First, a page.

Groups to Aquino: Remind Canada about illegal trash

Pia Ranada
Groups to Aquino: Remind Canada about illegal trash

Gigie Cruz-Sy

(UPDATED) President Benigno Aquino III's state visit to Canada is a chance for him to bring up illegally-shipped garbage that has been stranded in Manila ports for two years

MANILA, Philippines (UPDATED) – On his May 7-9 state visit to Canada, Philippine President Benigno Aquino III should bring up the issue of 50 Canadian container vans full of garbage that have been stranded in Manila ports for two years.

This was the demand made by environment and labor groups on Monday, May 4, days before Aquino meets with Canadian Prime Minister Stephen Harper.

“Mr. President, we urge you to stand up to the Canadians and ask Prime Minister Harper to take back their illegal waste shipment. Do this not simply because it is the right and legal thing to do, but do so to defend the dignity of the Filipinos,” said BAN Toxics executive director Richard Gutierrez.

Green groups like BAN Toxics and EcoWaste Coalition have called Canada’s approach to the stranded garbage “a blatant case of environmental injustice.” They took to Mendiola in Manila on Monday to remind Aquino of the issue.

Canada’s latest statement quoted the Philippine Department of Environment and Natural Resources (DENR) declaring the trash inside the container vans as neither toxic or hazardous

Canadian Ambassador Neil Reeder has explained his government’s wish for the garbage to be processed in the Philippines

But green groups say such a course of action would set a terrible precedent that may encourage more countries to send their garbage to the Philippines. (READ: Leaking shipment of Canadian garbage poses health risks)

Green groups also question the DENR study, maintaining that more comprehensive analysis of the garbage must be done before claiming the garbage may be safely processed on Philippine soil.

The groups say Philippine officials are skirting the issue for fear of endangering diplomatic ties with the much larger, more powerful nation.

“There is nothing diplomatic in dumping waste to another nation and still expect a friendly stance from them,” said Greenpeace Philippines toxics campaigner Abigail Aguilar.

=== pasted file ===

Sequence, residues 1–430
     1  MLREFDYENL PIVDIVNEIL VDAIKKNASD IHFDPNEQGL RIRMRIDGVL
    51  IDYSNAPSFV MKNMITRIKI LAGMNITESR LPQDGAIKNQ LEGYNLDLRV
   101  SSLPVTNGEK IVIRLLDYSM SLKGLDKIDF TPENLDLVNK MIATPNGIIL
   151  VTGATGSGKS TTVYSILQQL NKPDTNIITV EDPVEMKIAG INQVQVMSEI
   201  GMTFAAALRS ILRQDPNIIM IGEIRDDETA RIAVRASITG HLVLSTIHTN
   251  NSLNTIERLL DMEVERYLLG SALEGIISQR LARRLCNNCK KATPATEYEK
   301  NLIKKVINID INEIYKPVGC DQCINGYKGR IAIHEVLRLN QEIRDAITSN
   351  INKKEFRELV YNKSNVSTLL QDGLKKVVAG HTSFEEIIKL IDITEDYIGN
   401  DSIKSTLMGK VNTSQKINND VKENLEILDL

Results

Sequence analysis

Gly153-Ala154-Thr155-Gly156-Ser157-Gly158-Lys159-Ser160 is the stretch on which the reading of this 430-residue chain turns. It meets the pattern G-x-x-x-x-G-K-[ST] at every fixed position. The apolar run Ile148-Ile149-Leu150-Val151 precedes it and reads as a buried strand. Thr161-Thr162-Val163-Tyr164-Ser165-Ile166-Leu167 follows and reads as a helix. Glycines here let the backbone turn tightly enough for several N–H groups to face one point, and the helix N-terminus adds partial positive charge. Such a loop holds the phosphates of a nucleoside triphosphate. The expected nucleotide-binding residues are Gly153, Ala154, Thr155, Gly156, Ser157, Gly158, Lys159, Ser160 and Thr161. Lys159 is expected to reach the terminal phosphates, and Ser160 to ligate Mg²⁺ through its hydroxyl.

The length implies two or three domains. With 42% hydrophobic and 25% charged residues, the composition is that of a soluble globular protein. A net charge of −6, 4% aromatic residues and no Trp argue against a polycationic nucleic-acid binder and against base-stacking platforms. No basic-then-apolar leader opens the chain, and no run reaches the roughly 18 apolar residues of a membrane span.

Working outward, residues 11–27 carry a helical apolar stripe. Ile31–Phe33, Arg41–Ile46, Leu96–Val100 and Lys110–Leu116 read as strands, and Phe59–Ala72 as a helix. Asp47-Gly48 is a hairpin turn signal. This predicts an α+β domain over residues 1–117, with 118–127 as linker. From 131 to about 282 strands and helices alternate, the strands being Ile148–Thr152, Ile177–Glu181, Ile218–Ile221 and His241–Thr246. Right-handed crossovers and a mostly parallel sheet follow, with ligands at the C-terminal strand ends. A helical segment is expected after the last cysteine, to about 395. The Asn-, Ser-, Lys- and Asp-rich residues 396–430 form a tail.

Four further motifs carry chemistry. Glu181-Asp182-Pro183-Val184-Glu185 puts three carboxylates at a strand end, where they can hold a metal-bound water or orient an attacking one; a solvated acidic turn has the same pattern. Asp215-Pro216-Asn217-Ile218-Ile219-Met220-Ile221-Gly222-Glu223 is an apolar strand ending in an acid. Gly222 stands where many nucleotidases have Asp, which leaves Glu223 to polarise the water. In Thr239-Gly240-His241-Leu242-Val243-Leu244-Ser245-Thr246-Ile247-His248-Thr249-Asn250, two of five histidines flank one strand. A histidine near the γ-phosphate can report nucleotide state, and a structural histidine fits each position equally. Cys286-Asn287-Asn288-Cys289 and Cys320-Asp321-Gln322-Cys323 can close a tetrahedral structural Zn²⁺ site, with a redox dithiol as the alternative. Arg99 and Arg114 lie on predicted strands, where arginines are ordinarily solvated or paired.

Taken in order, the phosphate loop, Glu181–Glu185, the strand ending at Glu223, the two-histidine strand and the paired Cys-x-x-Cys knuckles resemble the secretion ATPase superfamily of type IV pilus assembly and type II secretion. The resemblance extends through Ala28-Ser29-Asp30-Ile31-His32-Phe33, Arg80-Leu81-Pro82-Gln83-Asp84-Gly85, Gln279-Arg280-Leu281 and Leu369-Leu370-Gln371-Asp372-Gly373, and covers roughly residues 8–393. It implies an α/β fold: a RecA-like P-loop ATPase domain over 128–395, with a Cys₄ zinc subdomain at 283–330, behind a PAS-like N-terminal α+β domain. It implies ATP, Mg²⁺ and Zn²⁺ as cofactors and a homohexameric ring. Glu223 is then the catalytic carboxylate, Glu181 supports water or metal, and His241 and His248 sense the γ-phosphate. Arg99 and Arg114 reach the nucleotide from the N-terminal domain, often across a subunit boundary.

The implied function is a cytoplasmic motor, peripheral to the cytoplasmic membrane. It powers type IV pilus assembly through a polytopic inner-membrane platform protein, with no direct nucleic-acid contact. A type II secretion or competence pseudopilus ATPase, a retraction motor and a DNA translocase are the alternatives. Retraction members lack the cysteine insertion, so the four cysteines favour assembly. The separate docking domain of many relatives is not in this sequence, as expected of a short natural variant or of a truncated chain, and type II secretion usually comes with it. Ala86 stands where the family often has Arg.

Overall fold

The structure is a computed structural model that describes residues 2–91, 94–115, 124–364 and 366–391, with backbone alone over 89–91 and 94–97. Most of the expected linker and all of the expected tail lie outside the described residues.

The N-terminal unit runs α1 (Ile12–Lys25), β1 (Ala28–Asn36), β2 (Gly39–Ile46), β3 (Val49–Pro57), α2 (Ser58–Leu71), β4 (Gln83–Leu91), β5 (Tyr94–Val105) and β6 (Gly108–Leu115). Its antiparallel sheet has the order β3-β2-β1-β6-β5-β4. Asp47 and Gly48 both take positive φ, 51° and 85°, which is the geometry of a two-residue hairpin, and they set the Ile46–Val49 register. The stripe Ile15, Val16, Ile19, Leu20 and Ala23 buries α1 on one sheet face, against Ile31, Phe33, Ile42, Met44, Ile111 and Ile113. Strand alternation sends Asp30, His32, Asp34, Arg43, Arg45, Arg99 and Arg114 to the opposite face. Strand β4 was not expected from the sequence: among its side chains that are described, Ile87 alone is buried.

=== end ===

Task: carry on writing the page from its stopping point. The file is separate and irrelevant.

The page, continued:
Whether or not Aquino will bring up the issue will be determined by the recommendation of the Department of Foreign Affairs, said Palace Communications Secretary Herminio Coloma Jr during a Monday press briefing.

“The recommendation of the Department of Foreign Affairs will be the basis of how we will relay our position regarding this matter,” he said in Filipino.

The container vans, which came in batches since June 2013, are suspected of all containing garbage. The 18 opened so far were hiding non-recyclable plastics, household waste, and used adult diapers.

Who is responsible?

If the garbage proves to be toxic, Canada would be violating the Basel Convention on the Control of Transboundary Movements of Hazardous Wastes.

The treaty demands that the country responsible for the importation of toxic waste should return the waste to its port of origin within 30 days of being informed of the importation. 

But the Philippine interagency committee in charge of the Canadian waste said contacting the Basel Convention Secretariat would be its last resort.  

The committee – composed of DENR, Department of Foreign Affairs, and Bureau of Customs – is considering Canada’s suggestion of treating the garbage in Philippines.

But Environment Secretary Ramon Paje said that if this option is pursued, all treatment costs would be shouldered by the Canadian government.

Meanwhile, BAN Toxics has taken matters into their own hands. Gutierrez, aims to bring up the issue to the Basel Convention Secretariat during the Basel Conference of Parties being held from May 4 to 14 in Geneva, Switzerland.

Green groups believe that, with enough pressure, Canada will be compelled to take back its garbage.

A similar case in 2001 led the Japanese government to pay for the return of container vans full of domestic and hospital waste which a Japanese exporter had shipped to the Philippines.

This was after heavy pressure from media and letters from the DFA and DENR. 

Costly garbage

The Philippine government is currently shouldering the costs of the stranded container vans.

The space they have been occupying in Manila ports translates to a loss of P144,000 ($3,200) a day. 

The Department of Health says it will cost P900,000 to disinfect all container vans – an urgent need after smelly liquids were seen leaking out of some of the vans. 

In total, the container vans have cost the Philippine government P87 million ($2 million), estimate green groups.

The Philippines has already filed a case against the Philippine-based importer Chronic Plastics for the illegal shipment. 

Canada, meanwhile, maintained that it has “no domestic or international authority” to order Canadian exporter Chronic Incorporated to pay for the return of the container vans.

An online petition asking Prime Minister Harper to take back the Canadian waste has garnered more than 25,000 signatures from countries all over the world, including Canada. –

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Pia Ranada

Pia Ranada is a senior reporter for Rappler covering Philippine politics and environmental issues. For tips and story suggestions, email her at